The student-led effort to change the nation’s gun laws has now received the support of the Reform movement’s 8,000-strong North American Federation of Temple Youth (NFTY), whose leaders said they were “inspired by our friends [in Florida] mobilizing their own community.”
“NFTY leaders from across North America are channeling our rage and gearing up to play a leadership role in the campaign for meaningful gun violence prevention measures,” said Zachary Herrmann, the group’s president, in the wake of last week’s school shooting in Parkland, Fla., that killed 17 students and staff members.
Officials of both the Orthodox Union’s youth movement — the National Council of Synagogue Youth, which has 25,000 members – and the Conservative movement’s youth group – United Synagogue Youth – said in statements that their members would also be participating in the effort.
In an online posting, NFTY’s Herrmann wrote: “We are angry, we are determined, and we are strong. We are committed to ensuring that this horrific crime will — finally, after so many horrific crimes like it — be the one to fuel an unprecedented campaign for positive change.”
He said the decision to join the effort was made at a leadership conference last weekend during which participants “pledged that we would help lead an effort to make our nation safer. We were moved by the words of Carly Schwamm — president of NFTY Southern Tropical Region, which includes Parkland — who so powerfully articulated NFTY’s moral imperative to act:
“‘We will not sit back and do nothing. We will not let this permanently break our community. But, most importantly, we will never forget. Our community cannot, should not, and will not be statistics.’”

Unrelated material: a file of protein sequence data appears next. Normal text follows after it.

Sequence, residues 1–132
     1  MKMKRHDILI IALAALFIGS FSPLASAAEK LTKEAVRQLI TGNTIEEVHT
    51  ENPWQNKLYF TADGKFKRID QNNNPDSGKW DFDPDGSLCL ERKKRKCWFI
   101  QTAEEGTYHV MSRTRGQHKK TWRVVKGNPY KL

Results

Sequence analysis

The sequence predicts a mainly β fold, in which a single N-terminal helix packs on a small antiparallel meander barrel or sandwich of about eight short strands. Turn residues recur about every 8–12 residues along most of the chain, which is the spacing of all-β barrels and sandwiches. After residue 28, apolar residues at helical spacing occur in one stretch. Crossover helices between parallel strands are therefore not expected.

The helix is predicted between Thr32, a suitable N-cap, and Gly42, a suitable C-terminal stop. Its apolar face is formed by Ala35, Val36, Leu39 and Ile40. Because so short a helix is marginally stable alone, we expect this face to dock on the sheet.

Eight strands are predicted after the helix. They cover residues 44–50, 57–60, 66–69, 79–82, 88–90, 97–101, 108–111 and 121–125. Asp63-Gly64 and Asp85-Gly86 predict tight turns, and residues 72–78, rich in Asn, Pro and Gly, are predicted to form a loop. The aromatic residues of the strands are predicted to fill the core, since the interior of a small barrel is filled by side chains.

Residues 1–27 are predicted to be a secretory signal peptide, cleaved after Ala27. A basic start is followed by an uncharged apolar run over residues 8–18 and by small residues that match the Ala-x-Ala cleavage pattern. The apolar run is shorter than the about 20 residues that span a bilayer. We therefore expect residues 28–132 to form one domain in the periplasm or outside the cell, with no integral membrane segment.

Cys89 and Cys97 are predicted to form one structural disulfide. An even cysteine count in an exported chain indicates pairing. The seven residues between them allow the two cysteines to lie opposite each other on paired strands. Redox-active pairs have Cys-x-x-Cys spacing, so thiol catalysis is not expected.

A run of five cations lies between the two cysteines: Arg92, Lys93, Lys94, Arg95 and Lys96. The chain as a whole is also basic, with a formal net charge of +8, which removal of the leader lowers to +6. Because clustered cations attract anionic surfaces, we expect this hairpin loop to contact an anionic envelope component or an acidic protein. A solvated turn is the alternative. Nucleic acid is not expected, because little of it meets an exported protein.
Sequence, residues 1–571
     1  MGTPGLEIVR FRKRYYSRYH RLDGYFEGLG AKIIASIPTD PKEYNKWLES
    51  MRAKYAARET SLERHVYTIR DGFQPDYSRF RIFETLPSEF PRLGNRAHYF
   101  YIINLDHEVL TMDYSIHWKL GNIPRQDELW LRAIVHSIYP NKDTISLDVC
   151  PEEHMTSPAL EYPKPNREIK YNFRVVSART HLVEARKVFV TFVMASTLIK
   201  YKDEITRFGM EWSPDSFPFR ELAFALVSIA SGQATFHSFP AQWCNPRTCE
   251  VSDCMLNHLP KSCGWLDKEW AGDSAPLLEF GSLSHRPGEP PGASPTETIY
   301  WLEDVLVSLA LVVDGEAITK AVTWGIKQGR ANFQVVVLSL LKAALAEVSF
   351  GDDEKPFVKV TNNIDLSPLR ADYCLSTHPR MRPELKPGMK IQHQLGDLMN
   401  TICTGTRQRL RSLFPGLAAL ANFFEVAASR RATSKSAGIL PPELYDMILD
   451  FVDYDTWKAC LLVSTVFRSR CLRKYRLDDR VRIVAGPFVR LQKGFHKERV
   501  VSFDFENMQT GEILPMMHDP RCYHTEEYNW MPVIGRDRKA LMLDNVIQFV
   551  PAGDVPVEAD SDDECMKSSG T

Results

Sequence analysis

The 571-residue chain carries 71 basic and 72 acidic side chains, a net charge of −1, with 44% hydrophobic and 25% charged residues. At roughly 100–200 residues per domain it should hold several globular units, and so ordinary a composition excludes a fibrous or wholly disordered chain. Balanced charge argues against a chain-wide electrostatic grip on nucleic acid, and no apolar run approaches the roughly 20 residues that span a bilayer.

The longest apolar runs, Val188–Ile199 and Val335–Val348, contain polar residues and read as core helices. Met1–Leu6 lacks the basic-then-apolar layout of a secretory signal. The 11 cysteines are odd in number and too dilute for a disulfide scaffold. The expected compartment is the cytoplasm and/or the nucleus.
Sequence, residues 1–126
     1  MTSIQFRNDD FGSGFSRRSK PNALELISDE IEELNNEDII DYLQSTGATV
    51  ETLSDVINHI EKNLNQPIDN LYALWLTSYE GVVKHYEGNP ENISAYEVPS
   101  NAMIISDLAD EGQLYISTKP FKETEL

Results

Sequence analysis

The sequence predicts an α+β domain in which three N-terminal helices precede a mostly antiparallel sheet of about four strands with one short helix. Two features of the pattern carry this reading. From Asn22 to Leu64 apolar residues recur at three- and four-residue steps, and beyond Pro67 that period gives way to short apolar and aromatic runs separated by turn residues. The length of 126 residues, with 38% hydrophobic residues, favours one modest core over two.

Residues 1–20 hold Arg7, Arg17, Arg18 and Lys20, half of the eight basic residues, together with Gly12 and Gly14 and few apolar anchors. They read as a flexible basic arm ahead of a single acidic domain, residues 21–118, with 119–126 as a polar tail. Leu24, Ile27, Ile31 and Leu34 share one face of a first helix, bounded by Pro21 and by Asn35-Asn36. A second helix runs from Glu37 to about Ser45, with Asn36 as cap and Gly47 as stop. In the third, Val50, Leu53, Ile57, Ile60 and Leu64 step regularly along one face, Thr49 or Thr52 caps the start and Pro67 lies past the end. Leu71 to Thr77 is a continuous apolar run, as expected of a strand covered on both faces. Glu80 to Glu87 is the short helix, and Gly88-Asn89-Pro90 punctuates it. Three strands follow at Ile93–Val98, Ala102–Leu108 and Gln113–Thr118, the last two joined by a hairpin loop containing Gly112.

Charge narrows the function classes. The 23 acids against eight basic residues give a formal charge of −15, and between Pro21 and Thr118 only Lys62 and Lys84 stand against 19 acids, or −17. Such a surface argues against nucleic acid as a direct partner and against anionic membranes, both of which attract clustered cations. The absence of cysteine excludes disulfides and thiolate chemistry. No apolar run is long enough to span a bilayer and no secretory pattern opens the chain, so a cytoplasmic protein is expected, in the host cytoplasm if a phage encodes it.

The organization plans to concentrate its efforts on supporting national initiatives as well as local efforts where it has the resources and potential to influence lawmakers. A special task force of teenagers will be formed to lead the effort and Mark Pelavin, the chief program officer for the Union of Reform Judaism, will oversee a staff task force supporting the young adult leaders.
“We are proud that the entire URJ, beginning with the youth team and the Religious Action Center, are behind us in this crucial effort,” Herrmann wrote.
A special NFTY Fights for Gun Violence Prevention page has been created to post the latest news about this effort.
Meanwhile, Rabbi Micah Greenland, international director of NCSY, said in a statement that his organization “believes in empowering teens to stand up and advocate for what they believe in. We are excited for this teen-led initiative, and look forward to participating in a coordinated and collaborative effort with the multiple youth movements and organizations involved.”
The statement from the United Synagogue of Conservative Judaism pointed out that many of its 5,000 USY members were “either directly impacted (we have teens that attend the high school) or are friends of the local students.” It said USY “empowers teens to bring about the change they want to see in the world, so we are currently working with teen leadership and dedicated USYers from across North America to plan our response to this senseless violence, which includes advocating for change to gun control laws.”
It noted that the teen leaders of USY would be meeting “to discuss specific next steps, as well as opportunities to create partnerships in this endeavor across youth movements and other religious organizations. In the immediate aftermath, the USY staff has reached out to and followed up with all those directly affected by the shooting and are working to provide counseling where needed.”